Building Braille signage with PCBs

Purple Braille signage!

This was designed and processed in the comfort of home! Hopefully this technique may enable more people to improve accessibility for the visually impaired.

A while ago, I passed some damaged Braille signs and felt that repairing them may be difficult or infeasible. It led me to wonder about how one could go about building a Braille signage. Typical commercial approaches involve:

While working on PCBs, I also noticed that solder tends to form a prominent bead on round pads. I decided to design, order and build a bunch of Braille PCB signs as an experiment, and so far it appears to be excellent!


Braille Standards

Purple Braille signage!

Braille has regional standards, and this particular design follows Braille Authority of North America’s guidelines. The dimensions and spacings of the dots are defined in this PDF document. A challenge is getting the height of the dot to about 0.6 mm, a factor that this design barely manages to scrape by.

Templates and fonts

Instead of translating and manually drawing the dots, using templates and fonts speeds up the design process tremendously. I used the templates and fonts from PharmaBraille in Photoshop to design and check the board.

Photoshop with Braille template

Importing the design into KiCad was straightforward with Bitmap2Component, with a similar process to building a PCB lapel. As long as the DPI settings are correct in the design, the same value can be keyed into Bitmap2Component and the dimensions will be correct.

Confirmation with OSHPark

The best way to verify the board design is to see it from the fab’s perspective. Mistakes where the components are “inverted” can be easily identified here with OSHPark’s (fantastic) preview.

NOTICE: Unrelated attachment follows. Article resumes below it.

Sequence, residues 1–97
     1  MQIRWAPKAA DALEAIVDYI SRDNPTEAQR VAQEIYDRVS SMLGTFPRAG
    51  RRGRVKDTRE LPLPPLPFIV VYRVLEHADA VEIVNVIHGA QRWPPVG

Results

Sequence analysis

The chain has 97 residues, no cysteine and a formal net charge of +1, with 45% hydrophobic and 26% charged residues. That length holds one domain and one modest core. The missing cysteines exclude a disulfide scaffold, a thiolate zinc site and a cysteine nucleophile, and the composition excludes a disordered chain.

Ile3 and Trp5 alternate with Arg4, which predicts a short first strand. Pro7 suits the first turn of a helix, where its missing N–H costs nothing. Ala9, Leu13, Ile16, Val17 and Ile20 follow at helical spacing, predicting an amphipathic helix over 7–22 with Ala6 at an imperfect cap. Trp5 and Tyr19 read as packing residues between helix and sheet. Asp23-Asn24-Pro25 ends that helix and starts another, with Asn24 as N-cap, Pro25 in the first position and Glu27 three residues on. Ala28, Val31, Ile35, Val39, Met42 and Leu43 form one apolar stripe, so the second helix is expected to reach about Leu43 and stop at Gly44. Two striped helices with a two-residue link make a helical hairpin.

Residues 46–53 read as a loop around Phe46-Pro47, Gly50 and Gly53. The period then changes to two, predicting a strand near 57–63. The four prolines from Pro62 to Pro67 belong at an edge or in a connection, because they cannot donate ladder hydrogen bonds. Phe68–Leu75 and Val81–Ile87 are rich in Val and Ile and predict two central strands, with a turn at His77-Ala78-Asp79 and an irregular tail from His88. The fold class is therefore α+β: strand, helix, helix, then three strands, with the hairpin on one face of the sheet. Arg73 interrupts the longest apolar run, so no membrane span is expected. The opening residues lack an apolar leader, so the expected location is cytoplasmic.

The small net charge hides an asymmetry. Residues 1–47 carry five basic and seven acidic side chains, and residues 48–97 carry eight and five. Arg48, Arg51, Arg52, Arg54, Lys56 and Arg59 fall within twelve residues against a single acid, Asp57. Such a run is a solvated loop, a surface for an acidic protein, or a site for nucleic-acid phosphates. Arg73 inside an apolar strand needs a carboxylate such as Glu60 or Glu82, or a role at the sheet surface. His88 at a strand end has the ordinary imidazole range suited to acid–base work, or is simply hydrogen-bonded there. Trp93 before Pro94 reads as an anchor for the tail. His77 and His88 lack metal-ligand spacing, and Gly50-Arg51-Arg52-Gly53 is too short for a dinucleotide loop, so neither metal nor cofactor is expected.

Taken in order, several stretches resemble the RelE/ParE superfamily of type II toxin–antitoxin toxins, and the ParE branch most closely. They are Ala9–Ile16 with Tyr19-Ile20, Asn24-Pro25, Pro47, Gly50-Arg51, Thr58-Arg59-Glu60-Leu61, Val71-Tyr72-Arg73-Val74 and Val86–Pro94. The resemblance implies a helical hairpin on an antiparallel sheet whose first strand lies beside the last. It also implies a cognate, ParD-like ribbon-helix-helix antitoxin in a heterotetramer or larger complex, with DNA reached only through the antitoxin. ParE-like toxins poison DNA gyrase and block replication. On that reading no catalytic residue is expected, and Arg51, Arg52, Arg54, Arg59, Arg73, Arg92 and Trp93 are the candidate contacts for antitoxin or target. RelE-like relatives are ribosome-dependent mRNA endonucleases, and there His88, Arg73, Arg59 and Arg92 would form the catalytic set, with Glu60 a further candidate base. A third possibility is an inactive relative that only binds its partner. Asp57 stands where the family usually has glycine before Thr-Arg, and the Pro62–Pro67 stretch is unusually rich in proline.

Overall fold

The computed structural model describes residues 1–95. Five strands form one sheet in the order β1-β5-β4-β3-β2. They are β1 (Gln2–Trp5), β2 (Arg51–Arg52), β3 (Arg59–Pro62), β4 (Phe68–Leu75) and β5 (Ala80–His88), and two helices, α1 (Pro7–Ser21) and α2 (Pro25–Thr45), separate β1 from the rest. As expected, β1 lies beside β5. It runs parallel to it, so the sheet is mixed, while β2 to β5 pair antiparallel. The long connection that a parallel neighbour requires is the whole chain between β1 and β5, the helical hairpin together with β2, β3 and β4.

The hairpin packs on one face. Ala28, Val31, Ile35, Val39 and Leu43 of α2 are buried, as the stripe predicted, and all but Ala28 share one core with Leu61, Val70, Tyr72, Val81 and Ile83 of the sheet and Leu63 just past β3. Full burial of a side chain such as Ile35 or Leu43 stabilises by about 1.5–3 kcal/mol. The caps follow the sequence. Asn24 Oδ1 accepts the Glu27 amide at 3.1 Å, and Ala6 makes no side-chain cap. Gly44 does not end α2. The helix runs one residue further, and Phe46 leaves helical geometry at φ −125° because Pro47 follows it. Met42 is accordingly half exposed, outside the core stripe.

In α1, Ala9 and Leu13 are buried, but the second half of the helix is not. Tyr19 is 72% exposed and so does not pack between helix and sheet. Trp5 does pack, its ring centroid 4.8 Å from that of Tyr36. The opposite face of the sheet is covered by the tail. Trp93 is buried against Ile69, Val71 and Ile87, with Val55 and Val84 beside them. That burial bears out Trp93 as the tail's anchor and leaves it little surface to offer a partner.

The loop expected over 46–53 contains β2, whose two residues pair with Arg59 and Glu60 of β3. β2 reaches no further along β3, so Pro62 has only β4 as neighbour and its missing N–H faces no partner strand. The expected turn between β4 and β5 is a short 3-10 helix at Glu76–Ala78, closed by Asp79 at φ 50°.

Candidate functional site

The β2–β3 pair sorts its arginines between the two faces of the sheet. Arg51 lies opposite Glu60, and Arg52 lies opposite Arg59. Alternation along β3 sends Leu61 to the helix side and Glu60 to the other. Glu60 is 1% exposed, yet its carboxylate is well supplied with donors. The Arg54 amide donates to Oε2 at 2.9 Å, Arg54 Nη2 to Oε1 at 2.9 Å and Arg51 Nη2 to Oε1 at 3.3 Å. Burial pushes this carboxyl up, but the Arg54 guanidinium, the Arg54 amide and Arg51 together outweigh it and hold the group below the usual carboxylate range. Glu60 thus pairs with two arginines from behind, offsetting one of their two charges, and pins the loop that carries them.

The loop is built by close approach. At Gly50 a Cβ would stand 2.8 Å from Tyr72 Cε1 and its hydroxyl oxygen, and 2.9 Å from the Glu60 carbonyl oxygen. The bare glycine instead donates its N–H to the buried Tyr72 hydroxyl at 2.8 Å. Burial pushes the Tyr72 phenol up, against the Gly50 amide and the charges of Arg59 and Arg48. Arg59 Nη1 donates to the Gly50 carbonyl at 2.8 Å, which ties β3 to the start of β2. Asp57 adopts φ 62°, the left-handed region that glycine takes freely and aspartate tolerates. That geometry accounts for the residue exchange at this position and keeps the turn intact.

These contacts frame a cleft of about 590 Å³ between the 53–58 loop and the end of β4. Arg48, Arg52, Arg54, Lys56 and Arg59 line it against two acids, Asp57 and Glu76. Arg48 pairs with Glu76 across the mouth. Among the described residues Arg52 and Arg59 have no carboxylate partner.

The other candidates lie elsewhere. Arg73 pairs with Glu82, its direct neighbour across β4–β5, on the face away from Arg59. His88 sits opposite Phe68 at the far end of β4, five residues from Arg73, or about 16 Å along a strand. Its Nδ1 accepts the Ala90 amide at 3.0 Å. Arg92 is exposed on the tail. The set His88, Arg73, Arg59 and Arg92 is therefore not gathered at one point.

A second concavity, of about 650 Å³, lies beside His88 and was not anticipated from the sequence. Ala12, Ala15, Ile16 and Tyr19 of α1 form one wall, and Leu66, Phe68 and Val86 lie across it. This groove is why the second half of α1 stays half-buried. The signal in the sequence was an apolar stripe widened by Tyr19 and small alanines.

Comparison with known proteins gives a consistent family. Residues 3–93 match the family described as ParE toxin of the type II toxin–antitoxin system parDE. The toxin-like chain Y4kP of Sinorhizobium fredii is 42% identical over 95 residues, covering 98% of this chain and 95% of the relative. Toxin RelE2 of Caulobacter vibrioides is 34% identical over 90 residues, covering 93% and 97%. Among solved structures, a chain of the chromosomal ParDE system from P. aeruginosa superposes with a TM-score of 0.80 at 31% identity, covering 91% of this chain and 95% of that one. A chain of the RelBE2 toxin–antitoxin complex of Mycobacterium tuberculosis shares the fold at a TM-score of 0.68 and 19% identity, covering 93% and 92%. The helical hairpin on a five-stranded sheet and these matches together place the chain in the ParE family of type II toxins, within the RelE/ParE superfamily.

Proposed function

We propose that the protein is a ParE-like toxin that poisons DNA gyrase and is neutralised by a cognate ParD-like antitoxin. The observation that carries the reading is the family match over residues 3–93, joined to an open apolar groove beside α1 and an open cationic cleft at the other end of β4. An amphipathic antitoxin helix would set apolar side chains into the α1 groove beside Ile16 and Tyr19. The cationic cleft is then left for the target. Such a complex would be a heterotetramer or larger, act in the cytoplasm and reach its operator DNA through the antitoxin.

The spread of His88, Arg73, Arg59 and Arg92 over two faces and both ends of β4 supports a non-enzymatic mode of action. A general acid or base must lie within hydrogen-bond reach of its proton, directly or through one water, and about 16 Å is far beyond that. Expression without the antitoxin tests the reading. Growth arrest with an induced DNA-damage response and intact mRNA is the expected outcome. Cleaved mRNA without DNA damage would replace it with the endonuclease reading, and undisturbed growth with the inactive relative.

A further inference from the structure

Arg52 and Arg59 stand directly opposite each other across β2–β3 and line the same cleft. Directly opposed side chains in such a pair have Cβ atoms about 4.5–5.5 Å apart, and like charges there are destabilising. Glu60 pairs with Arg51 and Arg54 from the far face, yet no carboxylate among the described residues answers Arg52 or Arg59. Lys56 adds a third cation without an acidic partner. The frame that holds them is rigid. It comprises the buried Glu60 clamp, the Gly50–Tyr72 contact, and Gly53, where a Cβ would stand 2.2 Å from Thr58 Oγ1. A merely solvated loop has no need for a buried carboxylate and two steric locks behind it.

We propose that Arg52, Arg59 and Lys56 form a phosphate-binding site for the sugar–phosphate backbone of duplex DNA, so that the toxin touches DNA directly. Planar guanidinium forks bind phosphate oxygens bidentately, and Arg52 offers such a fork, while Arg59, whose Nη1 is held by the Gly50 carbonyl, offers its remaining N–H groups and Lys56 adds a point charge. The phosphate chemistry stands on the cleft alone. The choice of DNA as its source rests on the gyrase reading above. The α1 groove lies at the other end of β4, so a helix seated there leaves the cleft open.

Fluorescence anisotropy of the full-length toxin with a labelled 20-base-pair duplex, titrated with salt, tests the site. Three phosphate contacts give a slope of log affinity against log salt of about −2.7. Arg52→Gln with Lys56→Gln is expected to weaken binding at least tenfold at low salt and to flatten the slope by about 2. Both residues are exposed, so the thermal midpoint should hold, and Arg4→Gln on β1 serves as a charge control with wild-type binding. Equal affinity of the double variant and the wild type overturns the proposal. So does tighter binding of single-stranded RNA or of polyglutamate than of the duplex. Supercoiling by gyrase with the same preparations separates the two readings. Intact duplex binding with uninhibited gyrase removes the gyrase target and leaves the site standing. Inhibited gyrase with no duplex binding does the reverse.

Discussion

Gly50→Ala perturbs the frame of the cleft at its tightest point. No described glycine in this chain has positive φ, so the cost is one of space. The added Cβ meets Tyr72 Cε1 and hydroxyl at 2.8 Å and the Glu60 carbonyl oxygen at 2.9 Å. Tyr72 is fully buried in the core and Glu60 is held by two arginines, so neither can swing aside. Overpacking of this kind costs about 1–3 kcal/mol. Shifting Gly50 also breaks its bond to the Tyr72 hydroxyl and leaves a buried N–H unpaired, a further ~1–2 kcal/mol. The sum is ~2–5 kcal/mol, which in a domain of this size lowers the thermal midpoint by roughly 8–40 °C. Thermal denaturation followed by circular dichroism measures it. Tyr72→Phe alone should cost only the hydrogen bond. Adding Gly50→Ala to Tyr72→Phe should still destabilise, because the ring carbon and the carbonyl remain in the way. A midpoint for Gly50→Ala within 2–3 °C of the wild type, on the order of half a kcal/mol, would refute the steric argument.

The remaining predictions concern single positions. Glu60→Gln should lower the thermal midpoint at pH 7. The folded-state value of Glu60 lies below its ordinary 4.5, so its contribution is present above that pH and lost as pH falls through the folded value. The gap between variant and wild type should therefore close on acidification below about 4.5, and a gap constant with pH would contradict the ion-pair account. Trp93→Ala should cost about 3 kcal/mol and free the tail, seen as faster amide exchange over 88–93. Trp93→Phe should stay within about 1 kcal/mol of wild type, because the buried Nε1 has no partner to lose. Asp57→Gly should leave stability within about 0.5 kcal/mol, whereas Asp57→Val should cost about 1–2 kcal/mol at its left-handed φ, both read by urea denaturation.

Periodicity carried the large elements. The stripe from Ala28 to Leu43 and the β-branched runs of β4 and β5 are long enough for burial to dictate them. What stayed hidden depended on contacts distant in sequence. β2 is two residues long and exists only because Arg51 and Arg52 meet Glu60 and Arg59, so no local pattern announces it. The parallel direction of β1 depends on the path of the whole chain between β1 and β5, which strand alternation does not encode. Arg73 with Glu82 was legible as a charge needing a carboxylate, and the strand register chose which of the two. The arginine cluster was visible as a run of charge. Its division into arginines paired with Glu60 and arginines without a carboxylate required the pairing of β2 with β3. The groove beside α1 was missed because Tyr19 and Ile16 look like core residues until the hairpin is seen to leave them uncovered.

Assembly is simple: enough lead-free solder needs to be added onto every point consistently, and there are a few approaches to doing this:

Manually, with an iron and hot air

This was the approach I took, and is very accessible as long as you have solder and an iron / hot air gun. This process offers a lot of control, but due to the “handmade” nature of the process, the dot sizes can have significant deviation.

Solder paste

Solder paste may offer greater consistency when paired with a stencil. The stencil might have to be either sufficiently thick or wide enough to hold enough solder paste, else the dot may not meet the height set in the standard.

Wave soldering

Wave soldering will most likely offer the most consistent results among the options, although it may have difficulties creating a tall enough dot.


Braille closeup Braille closeup 2

This experiment appears to be successful so far and I hope this will be a step forward in improving accessibility for the visually impaired.

Thank you OSHPark (again) for making this project possible!!